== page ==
I was stunned. As much as anyone present, Rebecca had a right to be angry with the holy father. Instead she was full of reverence. It occurred to me that perhaps the real power of the people’s pope is not to change the world with any particular agenda with its winners and losers. Instead this papal visit offered people like me who felt hurt by the church a chance to lay down our anger and forgive. Not for the sake of those who perpetrate injustice and violence—Father Serra, for all the good he did and evil he allowed, is long dead. Rebecca helped me remember the grace of forgiveness for the living people who suffer harm.

So in the afterglow or aftermath of Francis’ historic visit, the most important take-away may be the old sinner in the white cap who captured so many eyes and hearts here in the US—who reminded us that like him, the church itself is only human.

6 Comments

  • whiskyjack1@gmail.com' Whiskyjack says:

    I doubt that I will ever understand those who cling to the Church despite its odious teachings, and do so only by picking and choosing which doctrines to accept. In my opinion, there’s no baby in the bath water. Best to chuck the whole thing.

  • awerling@gmail.com' andrew123456789 says:

    Beautiful piece, thank you for this.

  • dk123@yahoo.com' DK says:

    I’m not sure Rebecca is the best example of one who has grappled with the sins of Junipero Serra and come to a place of forgiveness nonetheless. Instead, she is likely more a testimony to the way the history of the missions are framed in California – the mission history students in California study in no way addresses the displacement, forced conversion, loss of home and family, often slave-like conditions and other aspects of colonization imposed on native peoples. It ignores all the uncomfortable parts and instead unquestioningly celebrates the way the missions “made” California what it is. I say this as a professor of religious studies at a California State university, whose students are absolutely shocked to discover in my classes that the history of the missions is not the unqualified triumph of civilization they are taught as elementary students (and I say it as a former Georgetown University undergrad myself, where there is also not much taught to re-examine that view of history). Rather than a beacon of forgiveness, sadly I think Rebecca serves more as an example of the ways that those in power craft narratives of history to suit their needs and the erasure of the narratives that question such power. True, saints are human and their sins may even help Catholics better relate to them, but not all humans sin the same, and the sins of Junipero Serra affected not only his life, but disastrously affected the lives of so many thousands more, that it is hard to sweep it under the table with a simple recognition that all humans make mistakes. Yet that is exactly how the real histories of mission colonization are treated – swept under the table in the name of 4th grade build-a-mission projects that require no real reflection and thus cannot incite any real forgiveness.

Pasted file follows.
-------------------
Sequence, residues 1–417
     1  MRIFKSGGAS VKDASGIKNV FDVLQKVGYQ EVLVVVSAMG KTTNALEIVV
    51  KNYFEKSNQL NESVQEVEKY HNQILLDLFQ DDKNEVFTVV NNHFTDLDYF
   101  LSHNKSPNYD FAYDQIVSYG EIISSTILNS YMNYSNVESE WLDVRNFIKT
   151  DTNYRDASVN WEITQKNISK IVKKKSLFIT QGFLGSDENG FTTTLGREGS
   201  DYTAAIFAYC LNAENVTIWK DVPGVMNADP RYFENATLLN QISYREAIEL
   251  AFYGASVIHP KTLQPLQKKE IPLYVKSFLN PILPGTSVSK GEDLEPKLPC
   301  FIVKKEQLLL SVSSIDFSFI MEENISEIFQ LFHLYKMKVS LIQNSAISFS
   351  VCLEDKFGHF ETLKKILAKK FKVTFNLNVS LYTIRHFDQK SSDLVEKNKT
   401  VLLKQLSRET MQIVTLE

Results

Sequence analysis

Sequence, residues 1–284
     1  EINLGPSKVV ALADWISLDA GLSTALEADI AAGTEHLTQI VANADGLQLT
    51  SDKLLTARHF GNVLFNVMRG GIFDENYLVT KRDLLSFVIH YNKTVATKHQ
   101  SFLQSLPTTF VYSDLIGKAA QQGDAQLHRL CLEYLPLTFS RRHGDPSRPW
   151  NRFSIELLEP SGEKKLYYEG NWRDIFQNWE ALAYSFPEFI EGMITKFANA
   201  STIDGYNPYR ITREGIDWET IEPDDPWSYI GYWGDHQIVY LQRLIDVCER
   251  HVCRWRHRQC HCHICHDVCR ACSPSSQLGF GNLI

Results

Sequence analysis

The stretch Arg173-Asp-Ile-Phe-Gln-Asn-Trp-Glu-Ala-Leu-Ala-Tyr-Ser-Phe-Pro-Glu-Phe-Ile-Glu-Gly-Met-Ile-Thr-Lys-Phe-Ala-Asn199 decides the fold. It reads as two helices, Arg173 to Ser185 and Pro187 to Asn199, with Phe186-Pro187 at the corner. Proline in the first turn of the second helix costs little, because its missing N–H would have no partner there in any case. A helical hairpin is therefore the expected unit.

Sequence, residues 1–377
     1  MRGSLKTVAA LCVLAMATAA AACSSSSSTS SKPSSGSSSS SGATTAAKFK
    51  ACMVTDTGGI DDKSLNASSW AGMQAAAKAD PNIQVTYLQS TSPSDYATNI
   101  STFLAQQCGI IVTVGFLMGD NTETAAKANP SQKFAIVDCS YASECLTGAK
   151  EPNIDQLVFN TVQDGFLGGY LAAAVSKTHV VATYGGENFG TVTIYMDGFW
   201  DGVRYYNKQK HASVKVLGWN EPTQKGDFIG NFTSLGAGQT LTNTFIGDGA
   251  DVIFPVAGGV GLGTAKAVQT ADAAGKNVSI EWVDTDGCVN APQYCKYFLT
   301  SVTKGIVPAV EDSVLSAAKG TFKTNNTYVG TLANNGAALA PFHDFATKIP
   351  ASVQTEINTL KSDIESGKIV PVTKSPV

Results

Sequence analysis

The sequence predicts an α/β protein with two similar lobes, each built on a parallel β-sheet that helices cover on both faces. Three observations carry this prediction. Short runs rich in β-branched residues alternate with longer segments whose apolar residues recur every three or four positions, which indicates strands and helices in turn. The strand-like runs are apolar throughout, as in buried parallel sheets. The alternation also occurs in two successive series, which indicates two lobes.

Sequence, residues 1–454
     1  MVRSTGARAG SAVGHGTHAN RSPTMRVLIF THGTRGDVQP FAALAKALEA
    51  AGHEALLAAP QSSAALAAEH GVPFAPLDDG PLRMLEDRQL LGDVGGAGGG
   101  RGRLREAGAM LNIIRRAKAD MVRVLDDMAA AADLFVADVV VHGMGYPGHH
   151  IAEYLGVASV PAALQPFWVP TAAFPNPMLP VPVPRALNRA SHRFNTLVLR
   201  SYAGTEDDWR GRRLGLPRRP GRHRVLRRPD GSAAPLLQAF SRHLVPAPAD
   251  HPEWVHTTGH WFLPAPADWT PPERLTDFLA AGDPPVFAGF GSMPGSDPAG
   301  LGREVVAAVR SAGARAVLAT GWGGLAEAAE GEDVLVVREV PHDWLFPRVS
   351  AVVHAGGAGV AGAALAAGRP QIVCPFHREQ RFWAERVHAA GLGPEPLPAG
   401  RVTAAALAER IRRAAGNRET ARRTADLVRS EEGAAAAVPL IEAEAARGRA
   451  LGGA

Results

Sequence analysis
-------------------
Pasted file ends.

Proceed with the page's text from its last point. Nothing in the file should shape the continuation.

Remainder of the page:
• reedjim51@gmail.com' Jim Reed says:

    If we did start teaching about our sins in creating America, we would need more years of elementary school. I doubt this particular sin would make the top 100.

  • joemitchelljohn@yahoo.com' MartinJohn says:

    Oh, there’s definitely a baby in the bath water. The problem is that the whole thing is rigged so that the bath water can’t be spilled, drained, flushed….

  • lizestes@mac.com' Liz Estes says:

    DK, thank you so very much for your detailed comments. It is shocking but as you say, it sounds like the undergrad Georgetown program hasn’t changed enough since you were there. And they are Jesuits! I tried to focus this piece on my own singular life and personal sense of forgiveness–a powerful experience I am still trying to understand. Francis’ sinning church message is nearly opposite John Paul II’s stance, back when I was a grad student in the philosophy school there, and Card. Ratzinger closed down the School of Theology because its seminarians protested the ousting of Fr. Curran from Catholic theologians. It is such a strange mix with ongoing persecution of LGBTQ people, indigenous people, women clergy. That public school education in California continues to perpetuate this oppression as you describe is something I only began to comprehend when I met Rebecca. Thank you for putting on the table here. I would love links for further reading. Also I wonder if there are advocacy groups in California working to change the way mission history is taught?